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Time to review how RCMP can best serve communities, union head says

Review would help direct RCMP resources, address public safety issue
The RCMP logo is seen outside Royal Canadian Mounted Police “E” Division Headquarters, in Surrey, B.C., on Friday April 13, 2018. The head of the RCMP officers’ union says it’s time for a basic look at how the national police force can best serve communities across the country.THE CANADIAN PRESS/Darryl Dyck

The head of the RCMP officers’ union says it’s time for a basic look at how the national police force can best serve communities across the country.

Such a review could help figure out how many Mounties are needed — and where — to address problems such as rural crime, said Brian Sauvé, president of the National Police Federation, which represents 20,000 RCMP members.

“The results of that might mean more police officers, or it might mean fewer or redeployment of police officers, but I think we really need to look at it to see that we’re serving Canadians effectively,” Sauvé said in an interview.

The RCMP provides contract policing services to every province but Ontario and Quebec, which have their own forces, as well as the three territories and some 150 municipalities.

The prime minister has asked Public Safety Minister Marco Mendicino to carry out an assessment of contract policing in consultation with provinces, territories, municipalities, Indigenous partners other parties.

An internal Public Safety Canada memo released two years ago warned the demand for contract RCMP officers was outstripping the national police force’s capacity to recruit and train them, causing shortages that have led to officer health and wellness concerns.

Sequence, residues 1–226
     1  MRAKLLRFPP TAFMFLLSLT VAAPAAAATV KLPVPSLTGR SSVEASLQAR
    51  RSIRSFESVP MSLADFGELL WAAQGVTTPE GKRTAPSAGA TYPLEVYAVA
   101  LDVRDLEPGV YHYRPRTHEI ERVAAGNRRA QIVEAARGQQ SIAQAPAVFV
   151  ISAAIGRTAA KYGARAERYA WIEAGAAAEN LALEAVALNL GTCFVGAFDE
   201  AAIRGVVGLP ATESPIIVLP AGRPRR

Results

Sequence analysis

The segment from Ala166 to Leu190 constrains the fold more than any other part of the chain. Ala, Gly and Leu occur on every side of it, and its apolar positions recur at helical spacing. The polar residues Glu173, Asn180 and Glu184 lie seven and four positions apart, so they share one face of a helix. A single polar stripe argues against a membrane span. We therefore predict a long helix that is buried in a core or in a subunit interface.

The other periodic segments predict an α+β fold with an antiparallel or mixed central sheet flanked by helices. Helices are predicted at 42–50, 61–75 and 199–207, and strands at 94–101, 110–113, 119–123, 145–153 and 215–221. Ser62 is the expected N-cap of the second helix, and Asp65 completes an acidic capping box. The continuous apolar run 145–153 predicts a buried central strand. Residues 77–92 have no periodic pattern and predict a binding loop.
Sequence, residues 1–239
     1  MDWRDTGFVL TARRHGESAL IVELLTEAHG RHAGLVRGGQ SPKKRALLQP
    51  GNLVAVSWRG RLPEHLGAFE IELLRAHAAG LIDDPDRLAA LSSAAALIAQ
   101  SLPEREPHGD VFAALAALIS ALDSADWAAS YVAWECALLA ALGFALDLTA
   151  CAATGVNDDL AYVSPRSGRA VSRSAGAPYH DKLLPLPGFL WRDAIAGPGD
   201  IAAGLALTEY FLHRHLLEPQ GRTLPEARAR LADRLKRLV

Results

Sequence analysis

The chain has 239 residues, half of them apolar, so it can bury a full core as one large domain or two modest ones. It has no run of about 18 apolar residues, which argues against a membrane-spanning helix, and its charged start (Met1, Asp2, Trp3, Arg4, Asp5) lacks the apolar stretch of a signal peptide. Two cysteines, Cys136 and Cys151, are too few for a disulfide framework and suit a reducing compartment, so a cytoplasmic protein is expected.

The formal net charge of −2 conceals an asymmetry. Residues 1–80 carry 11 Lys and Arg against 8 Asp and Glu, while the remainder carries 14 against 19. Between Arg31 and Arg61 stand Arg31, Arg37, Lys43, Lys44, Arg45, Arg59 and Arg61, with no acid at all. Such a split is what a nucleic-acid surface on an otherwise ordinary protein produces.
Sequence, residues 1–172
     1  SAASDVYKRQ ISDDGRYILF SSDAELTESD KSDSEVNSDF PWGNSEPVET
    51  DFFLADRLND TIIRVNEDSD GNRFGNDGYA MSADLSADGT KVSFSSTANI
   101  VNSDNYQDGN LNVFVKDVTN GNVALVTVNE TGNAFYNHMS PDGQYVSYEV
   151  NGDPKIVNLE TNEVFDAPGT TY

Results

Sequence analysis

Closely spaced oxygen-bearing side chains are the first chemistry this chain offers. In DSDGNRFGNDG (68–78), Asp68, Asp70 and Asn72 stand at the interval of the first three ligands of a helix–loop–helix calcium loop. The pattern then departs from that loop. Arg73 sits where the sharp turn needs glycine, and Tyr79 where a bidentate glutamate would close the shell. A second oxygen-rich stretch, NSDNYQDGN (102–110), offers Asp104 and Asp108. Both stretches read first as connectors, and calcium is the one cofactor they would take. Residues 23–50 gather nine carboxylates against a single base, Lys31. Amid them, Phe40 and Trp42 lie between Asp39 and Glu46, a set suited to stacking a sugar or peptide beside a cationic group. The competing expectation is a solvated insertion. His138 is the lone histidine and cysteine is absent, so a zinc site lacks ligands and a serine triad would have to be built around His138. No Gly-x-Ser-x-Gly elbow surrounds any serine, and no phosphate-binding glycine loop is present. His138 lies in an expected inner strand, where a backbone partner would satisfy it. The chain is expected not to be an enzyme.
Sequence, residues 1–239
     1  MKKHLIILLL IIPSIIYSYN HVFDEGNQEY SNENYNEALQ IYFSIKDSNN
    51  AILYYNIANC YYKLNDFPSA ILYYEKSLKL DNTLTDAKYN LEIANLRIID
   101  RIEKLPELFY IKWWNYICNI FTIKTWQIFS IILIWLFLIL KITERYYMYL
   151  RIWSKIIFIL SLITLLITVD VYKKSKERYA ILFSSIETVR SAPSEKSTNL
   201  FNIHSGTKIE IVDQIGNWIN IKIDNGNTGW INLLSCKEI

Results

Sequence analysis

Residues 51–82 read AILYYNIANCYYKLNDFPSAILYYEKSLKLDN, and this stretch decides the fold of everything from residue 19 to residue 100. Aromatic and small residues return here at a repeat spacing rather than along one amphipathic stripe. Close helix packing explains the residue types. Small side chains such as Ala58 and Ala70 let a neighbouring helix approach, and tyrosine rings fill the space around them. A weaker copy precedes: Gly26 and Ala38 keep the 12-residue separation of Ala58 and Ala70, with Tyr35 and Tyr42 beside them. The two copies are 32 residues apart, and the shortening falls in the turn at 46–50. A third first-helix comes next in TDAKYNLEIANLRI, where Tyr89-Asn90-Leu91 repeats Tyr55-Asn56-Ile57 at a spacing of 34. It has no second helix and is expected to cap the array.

In turn, there was “growing dissatisfaction” in contract jurisdictions about costs and officer vacancies, and the resulting effect on community safety, the memo said.

Alberta, New Brunswick and Nova Scotia are among the jurisdictions that have floated the notion of creating their own police services.

Sauvé said the National Police Federation has a role in helping the RCMP explain why sticking with the national police force is the best option, citing survey results that indicate public satisfaction with the services provided to communities.

“The argument that we’re not suited for contract policing doesn’t hold up when you look at the data behind it,” he said.

At the same time, Sauvé sees a need to examine how resources are deployed and “apply a modern lens” to questions.

“For example, is the geographic area too large to be covered by one or two or three police officers? Do we always have to maintain the existing status quo of where detachments are?” he said.

“Can we look at hubbing certain detachments to cover a larger geographic area with more police officers in that particular hubbed detachment? Do we end up with satellite offices?”

Sauvé points to Manitoba, where there are about 980 RCMP members.

“How did we come up with that number? Did it just evolve over time? Is there a formula?”

He wonders how it meshes with what the public wants, which is an officer to show up when they call 911. “So what’s an adequate response time? And how do we deal with that?”

One of the RCMP’s advantages is sheer size and the resulting surge capacity, which allows it to temporarily move members between units or detachments to fill gaps, for instance when COVID-19 causes staff shortages, he said.

In a pre-budget submission to the government, the federation recommends spending $190 million to expand recruiting and training of new members, as well as increasing funding in subsequent years.

It also wants additional, specific investments in mental health supports for RCMP members and their families.

Bolstering recruitment to ensure adequate staffing levels will help preserve the overall mental health of the force, Sauvé said.

“If your membership are overworked and they don’t have a work-life balance, their resilience will fade and they become at greater risk for occupational stress injuries or post-traumatic stress.”

– Jim Bronskill, The Canadian Press